How Bull Markets End

U.S. Stocks Rebound Following Volatile Start to the Week

Dow Jones, S&P 500 and Nasdaq rebounded sharply on Tuesday.

The Dow and broader U.S. stock market rebounded on Tuesday, as investors continued to evaluate the health of the economy amid signs that a Covid-19 variant was spreading rapidly around the world.

All of Wall Street’s major averages were higher at the close, with the Dow Jones Industrial Average (DIA) rising 549.95 points, or 1.6%, to 34,511.99.

The broad S&P 500 Index (SPY) of large-cap stocks gained 1.5% to close at 4,323.06. Most primary sectors finished higher, with industrials and financials leading.

Meanwhile, the technology-focused Nasdaq Composite Index (QQQ) gained 1.6% to settle at 14,498.88.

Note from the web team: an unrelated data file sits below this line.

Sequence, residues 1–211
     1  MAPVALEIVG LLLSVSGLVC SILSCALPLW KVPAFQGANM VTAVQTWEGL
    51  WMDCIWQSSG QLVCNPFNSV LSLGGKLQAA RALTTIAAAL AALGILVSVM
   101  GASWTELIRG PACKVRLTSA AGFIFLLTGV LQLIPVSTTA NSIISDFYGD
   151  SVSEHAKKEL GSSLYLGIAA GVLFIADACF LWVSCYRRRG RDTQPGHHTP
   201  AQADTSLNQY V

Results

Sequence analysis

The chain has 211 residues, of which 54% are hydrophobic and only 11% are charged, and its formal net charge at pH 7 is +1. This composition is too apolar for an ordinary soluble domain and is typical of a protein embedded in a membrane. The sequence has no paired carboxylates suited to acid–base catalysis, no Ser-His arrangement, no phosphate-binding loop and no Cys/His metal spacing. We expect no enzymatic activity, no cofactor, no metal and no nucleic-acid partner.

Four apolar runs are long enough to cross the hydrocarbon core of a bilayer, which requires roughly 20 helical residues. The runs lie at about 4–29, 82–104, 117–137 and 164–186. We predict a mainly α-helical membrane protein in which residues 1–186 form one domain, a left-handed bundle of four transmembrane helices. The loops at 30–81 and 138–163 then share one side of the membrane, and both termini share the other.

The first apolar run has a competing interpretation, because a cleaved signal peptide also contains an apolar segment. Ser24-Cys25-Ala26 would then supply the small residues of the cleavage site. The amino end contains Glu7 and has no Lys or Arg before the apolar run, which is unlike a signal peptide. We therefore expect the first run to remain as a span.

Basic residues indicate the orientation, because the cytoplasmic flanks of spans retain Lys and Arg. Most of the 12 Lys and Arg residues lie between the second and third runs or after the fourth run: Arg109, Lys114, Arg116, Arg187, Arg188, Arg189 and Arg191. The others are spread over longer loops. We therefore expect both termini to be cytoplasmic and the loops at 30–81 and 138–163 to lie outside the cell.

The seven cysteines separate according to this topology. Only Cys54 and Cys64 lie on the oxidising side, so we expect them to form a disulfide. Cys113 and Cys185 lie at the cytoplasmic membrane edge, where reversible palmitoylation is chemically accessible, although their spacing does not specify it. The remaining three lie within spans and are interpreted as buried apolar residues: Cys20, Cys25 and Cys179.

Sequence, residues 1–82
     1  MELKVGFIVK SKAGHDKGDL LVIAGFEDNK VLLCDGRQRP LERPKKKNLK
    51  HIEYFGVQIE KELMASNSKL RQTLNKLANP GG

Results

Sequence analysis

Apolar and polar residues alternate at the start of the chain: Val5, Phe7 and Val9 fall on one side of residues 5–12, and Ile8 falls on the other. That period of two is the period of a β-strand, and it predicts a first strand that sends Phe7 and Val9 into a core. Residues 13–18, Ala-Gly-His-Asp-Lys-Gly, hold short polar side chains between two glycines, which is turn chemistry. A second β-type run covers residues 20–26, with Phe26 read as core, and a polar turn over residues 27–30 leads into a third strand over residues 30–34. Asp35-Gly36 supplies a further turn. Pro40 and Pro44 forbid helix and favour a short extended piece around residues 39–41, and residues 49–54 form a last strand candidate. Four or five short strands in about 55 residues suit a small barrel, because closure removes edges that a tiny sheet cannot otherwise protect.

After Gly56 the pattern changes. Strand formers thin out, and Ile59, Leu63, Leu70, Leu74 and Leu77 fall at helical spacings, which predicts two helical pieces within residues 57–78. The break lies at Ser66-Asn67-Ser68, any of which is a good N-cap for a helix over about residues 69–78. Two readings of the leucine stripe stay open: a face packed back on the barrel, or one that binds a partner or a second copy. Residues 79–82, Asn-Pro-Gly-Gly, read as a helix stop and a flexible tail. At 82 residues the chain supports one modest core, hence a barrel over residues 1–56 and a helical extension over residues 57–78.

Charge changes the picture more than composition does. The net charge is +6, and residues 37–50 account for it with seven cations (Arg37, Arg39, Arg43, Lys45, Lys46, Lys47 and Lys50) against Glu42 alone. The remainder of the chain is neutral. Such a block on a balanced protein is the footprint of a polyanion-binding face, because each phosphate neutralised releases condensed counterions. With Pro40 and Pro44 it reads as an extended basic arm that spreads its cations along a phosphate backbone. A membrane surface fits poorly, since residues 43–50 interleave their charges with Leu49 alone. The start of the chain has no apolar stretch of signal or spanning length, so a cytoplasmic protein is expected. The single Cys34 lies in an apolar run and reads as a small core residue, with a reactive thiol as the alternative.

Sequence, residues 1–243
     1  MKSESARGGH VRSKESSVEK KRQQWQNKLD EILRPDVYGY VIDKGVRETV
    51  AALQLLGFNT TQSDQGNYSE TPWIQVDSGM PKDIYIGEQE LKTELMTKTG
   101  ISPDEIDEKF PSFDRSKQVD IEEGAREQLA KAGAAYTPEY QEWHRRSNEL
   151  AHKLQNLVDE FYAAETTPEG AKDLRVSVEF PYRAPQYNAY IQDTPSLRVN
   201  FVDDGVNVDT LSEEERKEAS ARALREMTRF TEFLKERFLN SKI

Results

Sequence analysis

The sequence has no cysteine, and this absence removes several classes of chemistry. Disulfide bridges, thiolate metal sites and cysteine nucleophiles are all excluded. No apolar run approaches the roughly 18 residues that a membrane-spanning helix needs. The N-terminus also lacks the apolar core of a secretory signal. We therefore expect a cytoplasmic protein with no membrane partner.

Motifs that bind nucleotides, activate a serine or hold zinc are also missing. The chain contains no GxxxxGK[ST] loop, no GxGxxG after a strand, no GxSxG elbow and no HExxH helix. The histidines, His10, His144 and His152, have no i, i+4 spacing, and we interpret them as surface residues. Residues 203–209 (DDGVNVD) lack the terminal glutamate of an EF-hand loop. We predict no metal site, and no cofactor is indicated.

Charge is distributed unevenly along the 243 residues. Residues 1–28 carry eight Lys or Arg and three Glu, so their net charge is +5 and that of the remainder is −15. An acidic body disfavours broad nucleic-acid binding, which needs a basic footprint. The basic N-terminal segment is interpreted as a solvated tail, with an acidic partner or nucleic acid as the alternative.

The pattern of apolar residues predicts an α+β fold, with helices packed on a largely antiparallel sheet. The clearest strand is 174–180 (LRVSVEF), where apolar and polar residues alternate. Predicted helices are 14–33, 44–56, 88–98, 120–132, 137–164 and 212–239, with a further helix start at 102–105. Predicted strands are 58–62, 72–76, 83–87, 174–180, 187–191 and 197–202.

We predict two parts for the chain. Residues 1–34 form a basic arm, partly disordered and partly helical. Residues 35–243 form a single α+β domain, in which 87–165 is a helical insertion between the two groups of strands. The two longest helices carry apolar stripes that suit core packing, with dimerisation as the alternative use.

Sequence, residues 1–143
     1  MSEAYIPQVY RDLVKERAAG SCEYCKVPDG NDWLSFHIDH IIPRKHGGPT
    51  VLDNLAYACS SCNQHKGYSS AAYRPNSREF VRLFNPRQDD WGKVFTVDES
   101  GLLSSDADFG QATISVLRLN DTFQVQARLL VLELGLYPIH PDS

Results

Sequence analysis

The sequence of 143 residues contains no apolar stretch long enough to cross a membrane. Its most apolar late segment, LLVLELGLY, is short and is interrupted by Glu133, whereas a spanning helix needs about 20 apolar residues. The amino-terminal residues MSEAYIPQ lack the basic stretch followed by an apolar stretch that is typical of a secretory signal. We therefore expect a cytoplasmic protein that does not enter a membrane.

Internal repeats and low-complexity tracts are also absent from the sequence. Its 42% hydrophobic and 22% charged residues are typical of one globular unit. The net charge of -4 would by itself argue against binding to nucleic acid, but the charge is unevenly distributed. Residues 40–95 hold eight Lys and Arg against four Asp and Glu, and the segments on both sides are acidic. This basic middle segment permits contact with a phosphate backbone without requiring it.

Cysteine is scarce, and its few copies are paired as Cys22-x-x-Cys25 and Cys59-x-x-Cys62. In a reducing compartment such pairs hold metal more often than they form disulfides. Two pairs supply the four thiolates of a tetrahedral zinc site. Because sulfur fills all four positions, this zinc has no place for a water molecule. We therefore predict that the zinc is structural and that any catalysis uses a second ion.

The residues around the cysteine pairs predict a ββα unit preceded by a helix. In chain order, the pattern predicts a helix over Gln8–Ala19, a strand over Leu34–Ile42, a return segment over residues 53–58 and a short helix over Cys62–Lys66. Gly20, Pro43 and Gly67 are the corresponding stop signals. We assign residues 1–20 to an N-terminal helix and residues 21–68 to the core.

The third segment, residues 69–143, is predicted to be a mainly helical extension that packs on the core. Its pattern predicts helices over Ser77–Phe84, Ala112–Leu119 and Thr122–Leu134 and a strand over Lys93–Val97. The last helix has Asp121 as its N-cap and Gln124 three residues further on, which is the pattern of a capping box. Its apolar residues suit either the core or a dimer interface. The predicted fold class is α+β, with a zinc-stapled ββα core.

A measure of implied volatility known as the CBOE VIX (VXX) declined on Tuesday. The so-called “investor fear index” reached an intraday low of 19.37 on a scale of 1-100, where 20 represents the historical average. It would eventually settle down 11.7% at 19.86.

In commodities, oil prices rose on Tuesday, as U.S. West Texas Intermediate futures gained $1.00, or 1.5%, to $67.42 a barrel on the New York Mercantile Exchange. Brent, the international futures contract, climbed $1.10, or 1.6%, to $69.72 a barrel.

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In precious metals, gold prices flat-lined on Tuesday, as the August futures contract edged up 10 cents, or 0.01%, to $1,809.30 a troy ounce on the Comex division of the New York Mercantile Exchange. Silver futures declined 17 cents, or 0.7%, to $24.98 a troy ounce.

The Final Word: Covid-19 cases appear to be ramping up again in the United States, raising concerns that the new Delta variant could adversely affect the post-pandemic recovery.